Refugee running backs in the CFL

Cold, Hard Football Facts for Jun 01, 2006



By Cold, Hard Football Facts senior writer John Dudley
 
Here is a look at four backs who have attempted to use the CFL as a springboard back to an NFL career. All four – John Avery, Troy Davis, Robert Edwards and Lawrence Phillips – have failed to return, though they have found success in Canada. See the main story here.
 
John Avery
Best Year
Team
Games
Att.
Yards
Avg.
TDs
NFL (1998)
Dolphins
16
143
503
3.5
2
CFL (2002)
Eskimos
18
229
1,448
6.3
9
 
Career
Games
Att.
Yards
Avg.
TDs
NFL
29
149
524
3.5
2
CFL
48
540
2,948
5.5
15
 
Although Avery was a first-round pick out of Ole Miss in 1998 (No. 29 overall), his tenure with Miami was brief. One game into his second year, he was traded to Denver. After barely playing with the Broncos, he went on to become the leading rusher for both the XFL (in 2001) and CFL (in 2002). His one season in Edmonton produced the highest rushing total ever recorded by a first-year player.
 
Avery parlayed his success with the two lesser leagues into another NFL gig, but his offensive impact was negligible. In six games with Minnesota in 2003, he had just one carry and two receptions. Returning to the CFL, Avery powered the Argonauts to a Grey Cup victory in 2004. He is entering his third season with the team, fully aware that Williams will be getting most of the carries.
 
Troy Davis
Best Year
Team
Games
Att.
Yards
Avg.
TDs
NFL (1997)
Saints
16
75
271
3.6
0
CFL (2004)
Tiger-Cats
18
324
1,628
5.0
10
 
Career
Games
Att.
Yards
Avg.
TDs
NFL
46
150
446
3.0
1
CFL
79
1,117
5,655
5.1
32
 
After consecutive 2,000-yard rushing seasons at Iowa State, Davis was a third-round selection of New Orleans in 1997. He got seven starts as a rookie, but his numbers were meager – and they only declined from there. He never ran for 50 yards in a game, and the 1999 arrival of Williams hastened the end of his three-year career.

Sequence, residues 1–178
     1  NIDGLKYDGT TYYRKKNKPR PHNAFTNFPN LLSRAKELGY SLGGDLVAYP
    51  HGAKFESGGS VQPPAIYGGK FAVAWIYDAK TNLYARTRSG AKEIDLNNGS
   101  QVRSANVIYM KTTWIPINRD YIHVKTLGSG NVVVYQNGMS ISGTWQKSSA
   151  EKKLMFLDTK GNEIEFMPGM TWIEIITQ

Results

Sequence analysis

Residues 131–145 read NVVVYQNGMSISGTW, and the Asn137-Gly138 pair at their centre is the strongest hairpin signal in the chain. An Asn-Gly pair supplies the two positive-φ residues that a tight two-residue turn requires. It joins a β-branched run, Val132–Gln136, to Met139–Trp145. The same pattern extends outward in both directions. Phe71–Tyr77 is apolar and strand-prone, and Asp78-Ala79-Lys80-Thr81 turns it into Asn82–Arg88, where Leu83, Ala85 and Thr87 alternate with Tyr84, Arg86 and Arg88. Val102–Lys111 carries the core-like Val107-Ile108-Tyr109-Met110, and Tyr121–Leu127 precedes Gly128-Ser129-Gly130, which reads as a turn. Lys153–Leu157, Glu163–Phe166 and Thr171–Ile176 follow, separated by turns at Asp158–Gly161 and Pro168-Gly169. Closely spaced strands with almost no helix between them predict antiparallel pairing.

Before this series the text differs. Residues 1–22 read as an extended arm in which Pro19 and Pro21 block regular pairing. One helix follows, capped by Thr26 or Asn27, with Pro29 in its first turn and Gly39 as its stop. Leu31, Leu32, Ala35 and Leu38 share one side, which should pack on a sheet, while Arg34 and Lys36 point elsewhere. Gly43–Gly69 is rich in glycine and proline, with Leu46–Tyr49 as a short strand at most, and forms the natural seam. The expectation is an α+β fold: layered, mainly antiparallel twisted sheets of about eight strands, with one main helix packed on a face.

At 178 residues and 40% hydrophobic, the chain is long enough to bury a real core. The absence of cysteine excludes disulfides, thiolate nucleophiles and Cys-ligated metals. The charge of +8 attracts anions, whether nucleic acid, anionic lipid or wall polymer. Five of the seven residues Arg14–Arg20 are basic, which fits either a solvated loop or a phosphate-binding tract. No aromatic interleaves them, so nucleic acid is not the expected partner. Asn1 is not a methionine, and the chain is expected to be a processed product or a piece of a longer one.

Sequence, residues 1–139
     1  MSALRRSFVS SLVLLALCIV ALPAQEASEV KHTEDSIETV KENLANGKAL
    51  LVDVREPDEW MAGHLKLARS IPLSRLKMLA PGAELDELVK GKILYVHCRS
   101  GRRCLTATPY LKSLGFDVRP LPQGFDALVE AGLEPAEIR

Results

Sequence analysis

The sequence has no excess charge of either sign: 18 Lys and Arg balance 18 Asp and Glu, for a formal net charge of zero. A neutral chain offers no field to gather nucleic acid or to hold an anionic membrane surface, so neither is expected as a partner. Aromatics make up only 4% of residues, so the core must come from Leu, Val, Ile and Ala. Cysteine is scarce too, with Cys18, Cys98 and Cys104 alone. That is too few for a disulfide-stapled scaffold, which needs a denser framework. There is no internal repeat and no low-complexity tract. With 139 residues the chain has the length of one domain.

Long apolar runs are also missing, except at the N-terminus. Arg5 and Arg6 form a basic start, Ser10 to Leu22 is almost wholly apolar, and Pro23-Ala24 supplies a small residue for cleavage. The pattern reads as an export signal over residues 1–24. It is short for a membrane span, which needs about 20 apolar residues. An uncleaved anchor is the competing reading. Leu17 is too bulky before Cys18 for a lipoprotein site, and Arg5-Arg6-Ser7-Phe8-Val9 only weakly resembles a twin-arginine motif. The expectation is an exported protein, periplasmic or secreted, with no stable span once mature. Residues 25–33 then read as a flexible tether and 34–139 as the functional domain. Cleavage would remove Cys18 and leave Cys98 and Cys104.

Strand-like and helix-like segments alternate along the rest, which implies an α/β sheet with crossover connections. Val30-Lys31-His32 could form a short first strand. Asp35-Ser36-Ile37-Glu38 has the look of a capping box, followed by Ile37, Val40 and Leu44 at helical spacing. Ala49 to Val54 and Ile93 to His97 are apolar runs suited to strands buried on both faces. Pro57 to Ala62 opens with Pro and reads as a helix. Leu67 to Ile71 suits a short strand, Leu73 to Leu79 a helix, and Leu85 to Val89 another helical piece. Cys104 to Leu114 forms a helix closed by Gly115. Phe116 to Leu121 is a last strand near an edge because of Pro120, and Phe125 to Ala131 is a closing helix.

Since joining the CFL, however, Davis has been a force. In 2004, he led the league in rushing while playing for Hamilton. He was traded to Edmonton near the end of this past season, and he will now be seeking his fifth straight campaign of over 1,000 yards rushing.
 
Robert Edwards
Best Year
Team
Games
Att.
Yards
Avg.
TDs
NFL (1998)
Patriots
16
291
1,115
3.8
9
CFL (2005)
Alouettes
14
187
1,199
6.4
8
 
Career
Games
Att.
Yards
Avg.
TDs
NFL
28
311
1,212
3.9
9
CFL
14
187
1,199
6.4
8
 
New England drafted Edwards out of Georgia with the 18th overall pick in 1998. As a rookie, he became the first player in NFL history to score a touchdown in each of his first six games. He finished the season with 1,446 combined yards and 12 total TDs, but a devastating knee injury suffered during the Beach Bowl in Hawaii brought his promising career to an abrupt halt.
 
Tireless rehabilitation enabled Edwards to return to the NFL for one season. He served as Williams' backup on the Dolphins in 2002, but his greater accomplishments have come north of the border. Last year, he finished third in the CFL in rushing and helped Montreal advance to the Grey Cup, where it lost to Edmonton. He is currently preparing for his second season with the Alouettes.
 
Lawrence Phillips
Best Year
Team
Games
Att.
Yards
Avg.
TDs
NFL (1997)
Rams/Dolphins
12
201
677
3.4
8
CFL (2002)
Alouettes
15
187
1,022
5.5
13
 
Career
Games
Att.
Yards
Avg.
TDs
NFL
35
424
1,453
3.4
14
CFL
23
294
1,508
5.1
14
 
Phillips helped secure a repeat national championship for Nebraska by rushing for 165 yards and scoring three touchdowns in the 1996 Fiesta Bowl. Earlier that season, he had been suspended for assaulting his ex-girlfriend, including dragging her down the stairs by her hair. Despite his criminal history, Phillips was drafted by the Rams with the sixth overall pick, but he wouldn't last two seasons in St. Louis.
 
Insubordination and off-field troubles plagued Phillips throughout his professional career, which was highlighted by a Grey Cup championship with Montreal in 2002. His latest offense occurred less than a year ago, when he drove a car into three teenagers who argued with him during a pickup football game. That incident added "attempted murder" to his ever-growing rap sheet, which can be found here. Phillips' antics even grew tiresome in the CFL, where he last played in 2003. Needless to say, the NFL hasn't come calling.

From our partners




Team Pages
AFC East NFC
South
North
West

Connect With Us
Sign up for our newsletter to recieve all the latest news and updates...




The Football Nation Network

© Copyright 2014 Football Nation LLC. Privacy Policy & Terms of Use   Logout
Some images property of Getty Images or Icon/SMI